S'pore banks in China act to protect staff, customers

Measures to limit spread of coronavirus include flexible work arrangements, branch closures

About 700 OCBC employees across China will eat packed lunches at their desks this week to minimise their chances of catching the coronavirus that has plagued the world's second-largest economy.

They will hold meetings via telephone or video conference calls, and those who must meet face to face will have to wear face masks.

These are among the measures OCBC has rolled out to keep employees and customers safe as Chinese workers return to their jobs after an extended government-ordered closure to contain the virus, OCBC Wing Hang China chief executive Wang Ke told The Straits Times in a telephone interview from Shanghai on Monday.

Singapore banks and finance companies that ventured to China are taking precautions to protect their staff and customers there, going as far as to temporarily close outlets.

While analysts said the outbreak is unlikely to hit Singapore banks in the long term, some raised concerns regarding its impact other than the effects of their temporary branch closures.

SAC Capital senior analyst Terence Chua and KGI Securities Singapore research head Joel Ng said separately that companies with weak balance sheets may default on their loans if the uncontrolled spread of the virus leads to poorer business and consumer sentiment.

Mr Chua said: "Net interest margins are also likely to narrow if central banks ease monetary policy to stimulate growth."

CMC Markets' market analyst Margaret Yang noted that United Overseas Bank's (UOB) exposure to Greater China ranks the lowest among the three local banks, which include DBS Bank and OCBC Bank.

She added that short-term economic headwinds are "likely to weigh on DBS' asset quality in China, which accounts for a significant portion of the group's overall loan book". The non-performing loan ratio of DBS' Greater China assets stands at 0.9 per cent, she said.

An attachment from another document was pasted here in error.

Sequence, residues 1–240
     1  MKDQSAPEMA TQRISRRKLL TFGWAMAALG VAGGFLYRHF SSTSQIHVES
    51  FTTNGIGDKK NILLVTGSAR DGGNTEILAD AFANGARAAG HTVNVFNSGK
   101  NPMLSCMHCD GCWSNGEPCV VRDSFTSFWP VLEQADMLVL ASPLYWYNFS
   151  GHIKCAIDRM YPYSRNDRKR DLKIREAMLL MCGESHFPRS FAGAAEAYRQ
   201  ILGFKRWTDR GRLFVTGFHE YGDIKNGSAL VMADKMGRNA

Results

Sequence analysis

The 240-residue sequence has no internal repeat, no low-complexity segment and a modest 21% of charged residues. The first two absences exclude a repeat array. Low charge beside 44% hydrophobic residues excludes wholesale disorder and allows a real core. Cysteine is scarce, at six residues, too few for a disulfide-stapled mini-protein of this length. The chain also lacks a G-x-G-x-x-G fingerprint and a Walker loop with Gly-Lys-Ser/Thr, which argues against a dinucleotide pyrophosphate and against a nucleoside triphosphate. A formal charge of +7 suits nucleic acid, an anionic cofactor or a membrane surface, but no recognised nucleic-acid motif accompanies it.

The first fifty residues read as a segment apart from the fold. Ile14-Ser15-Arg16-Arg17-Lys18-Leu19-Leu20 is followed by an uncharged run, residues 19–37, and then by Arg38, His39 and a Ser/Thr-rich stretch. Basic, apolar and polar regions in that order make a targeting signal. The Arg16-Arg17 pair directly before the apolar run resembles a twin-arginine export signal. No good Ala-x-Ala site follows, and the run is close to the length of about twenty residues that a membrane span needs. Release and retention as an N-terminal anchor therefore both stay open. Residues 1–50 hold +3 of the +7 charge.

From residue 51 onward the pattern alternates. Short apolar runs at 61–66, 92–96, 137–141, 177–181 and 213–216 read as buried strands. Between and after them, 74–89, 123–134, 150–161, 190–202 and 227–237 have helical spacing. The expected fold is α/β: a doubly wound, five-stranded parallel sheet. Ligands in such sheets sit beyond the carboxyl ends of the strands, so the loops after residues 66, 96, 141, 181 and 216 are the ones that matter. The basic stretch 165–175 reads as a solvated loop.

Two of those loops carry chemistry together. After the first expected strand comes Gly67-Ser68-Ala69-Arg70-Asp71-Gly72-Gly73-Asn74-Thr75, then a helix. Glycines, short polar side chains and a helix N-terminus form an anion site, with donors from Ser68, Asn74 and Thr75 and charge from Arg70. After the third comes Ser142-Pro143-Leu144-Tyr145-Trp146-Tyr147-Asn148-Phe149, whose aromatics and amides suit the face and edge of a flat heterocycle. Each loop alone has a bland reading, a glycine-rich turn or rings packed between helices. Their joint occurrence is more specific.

"Weaker economic outlook in China and Hong Kong (is) set to weigh on OCBC's China business, which accounts for a significant portion of the group's loan book," Ms Yang said.

But its non-performing loan ratio of 0.4 per cent in China is among the lowest in OCBC's regional markets, she noted. "This suggests that asset quality in China is likely to be very resilient."

OCBC's Mr Wang said the management had met over the Chinese New Year break to put in place measures to fight the outbreak. OCBC Bank, the parent company of OCBC Wing Hang China, closed seven of its 24 branches and sub-branches.

UOB shut two outlets in Beijing and Shanghai. It has 16 branches and sub-branches in China, according to its website. "Only a small number of colleagues are in the office to support critical business and customer services," UOB said in a statement on Monday.

A DBS Bank spokesman said all its 35 branches and sub-branches in mainland China are open. DBS has adopted flexible work arrangements for staff, including working from home and placing them at different sites and on separate shifts.

OCBC's Mr Wang said the bank also has split operations, among other measures, but it increased its manpower from 400 last week in anticipation of busier operations in China. However footfall has been slow, he said, estimating that road traffic is about 70 per cent of what it was in the same period in previous years. "(There are) just a few customers at the branches," he said.

The Chinese were one of the earliest adopters of digital banking, thus reducing the need to go to branches, Mr Wang added.

Singapore fintech start-up YouTrip said little has changed at its offices in Hong Kong and Thailand - which are among the places where the coronavirus that originated in Wuhan has spread to - as employees are equipped to work remotely. It added that workers only need an Internet connection to hold meetings and attend to customers' calls.

Maybank Kim Eng senior analyst Thilan Wickramasinghe said that "a large part of (local banks') exposure is short-end working capital, trade and financial institution lending".

Exposure to front-line sectors affected by the virus outbreak, such as domestic China retail and healthcare, should be very limited, he said. "Singapore banks' North Asia presence may actually become a benefit as supply chains from China look to relocate to South-east Asia to diversify risk," he added.